Sri Lanka flag patch
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Size: 6.5 x 4 cm (2.56 x 1.57 inch)
The flag of Sri Lanka consists of a yellow/orange base. A crimson colored rectangular section on the right side of the flag contains a yellow lion passant holding an upright sword and four yellow pipul leaves, one in each corner. On the left side of the flag there are two equal-sized vertical stripes, green and orange in color, that are also bordered by the flag's base.
Meaning: The green stripe represents Sri Lanka's minority Muslims and the orange stripe the minority Hindu Tamils. The yellow represents Buddhism and the crimson stands for a long life. The golden lion is an ancient symbol of the people and the sword is a symbol of authority. The pipul tree leaves are a Buddhist symbol and come from the tree, under which Gautama is said to have received enlightenment and become Buddha. Individually the leaves represent love, compassion, sympathy and equanimity.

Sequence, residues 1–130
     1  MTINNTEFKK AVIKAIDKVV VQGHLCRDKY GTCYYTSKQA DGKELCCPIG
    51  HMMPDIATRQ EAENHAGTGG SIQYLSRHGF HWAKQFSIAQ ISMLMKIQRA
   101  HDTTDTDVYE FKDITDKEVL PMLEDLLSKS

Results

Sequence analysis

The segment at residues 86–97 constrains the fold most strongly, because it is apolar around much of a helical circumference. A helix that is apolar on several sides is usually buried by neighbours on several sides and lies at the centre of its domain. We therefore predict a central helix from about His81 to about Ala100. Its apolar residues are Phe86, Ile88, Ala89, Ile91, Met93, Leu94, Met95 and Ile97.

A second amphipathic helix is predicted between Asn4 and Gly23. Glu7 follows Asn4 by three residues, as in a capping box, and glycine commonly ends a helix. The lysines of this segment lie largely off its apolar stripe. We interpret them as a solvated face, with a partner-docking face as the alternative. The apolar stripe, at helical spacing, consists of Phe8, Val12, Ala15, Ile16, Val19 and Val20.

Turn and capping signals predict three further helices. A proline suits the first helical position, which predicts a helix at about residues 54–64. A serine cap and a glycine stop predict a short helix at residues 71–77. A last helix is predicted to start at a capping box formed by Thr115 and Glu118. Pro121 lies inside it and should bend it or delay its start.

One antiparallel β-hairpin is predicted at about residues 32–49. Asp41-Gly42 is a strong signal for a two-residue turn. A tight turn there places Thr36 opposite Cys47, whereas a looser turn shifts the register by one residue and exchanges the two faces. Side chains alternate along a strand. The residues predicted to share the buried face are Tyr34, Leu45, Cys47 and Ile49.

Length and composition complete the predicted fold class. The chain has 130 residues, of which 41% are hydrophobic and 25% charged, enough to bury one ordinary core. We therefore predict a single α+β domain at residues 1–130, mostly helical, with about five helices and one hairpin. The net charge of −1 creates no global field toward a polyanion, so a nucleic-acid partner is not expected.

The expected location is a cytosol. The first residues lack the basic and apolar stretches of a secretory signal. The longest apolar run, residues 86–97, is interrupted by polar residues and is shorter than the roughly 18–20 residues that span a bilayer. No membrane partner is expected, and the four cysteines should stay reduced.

History: The current Sri Lankan flag was adopted on September 7, 1978. Sri Lanka, gained independence from Britain on February 4, 1948 and changed its name from Ceylon in 1972. The Sri Lankan flag is called the Lion Flag, and has been used by the Sri Lankan people for centuries. The lion flag was used in 1948 and it was modified in 1951 the vertical stripes to represent the minority religious groups of the country. The leaves were added to the flag when the country changed names. The leaves were slightly modified in 1978.
Interesting Facts: The Sri Lankan flag is actually two flags in one. The Lion flag is shown in its entirety on the right side and the two colored stripes were added after the Hindu Tamils found the Lion Flag unacceptable (source: worldflags101).